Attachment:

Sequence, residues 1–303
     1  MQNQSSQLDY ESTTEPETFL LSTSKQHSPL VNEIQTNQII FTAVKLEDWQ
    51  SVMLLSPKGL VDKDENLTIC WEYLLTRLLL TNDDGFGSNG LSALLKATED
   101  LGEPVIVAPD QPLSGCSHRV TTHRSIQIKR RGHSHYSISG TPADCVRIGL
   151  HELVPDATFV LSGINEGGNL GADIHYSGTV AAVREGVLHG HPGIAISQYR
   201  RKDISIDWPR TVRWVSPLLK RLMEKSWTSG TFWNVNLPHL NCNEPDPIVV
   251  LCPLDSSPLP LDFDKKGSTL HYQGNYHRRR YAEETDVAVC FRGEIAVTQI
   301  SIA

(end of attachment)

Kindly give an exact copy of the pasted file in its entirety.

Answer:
Sequence, residues 1–303
     1  MQNQSSQLDY ESTTEPETFL LSTSKQHSPL VNEIQTNQII FTAVKLEDWQ
    51  SVMLLSPKGL VDKDENLTIC WEYLLTRLLL TNDDGFGSNG LSALLKATED
   101  LGEPVIVAPD QPLSGCSHRV TTHRSIQIKR RGHSHYSISG TPADCVRIGL
   151  HELVPDATFV LSGINEGGNL GADIHYSGTV AAVREGVLHG HPGIAISQYR
   201  RKDISIDWPR TVRWVSPLLK RLMEKSWTSG TFWNVNLPHL NCNEPDPIVV
   251  LCPLDSSPLP LDFDKKGSTL HYQGNYHRRR YAEETDVAVC FRGEIAVTQI
   301  SIA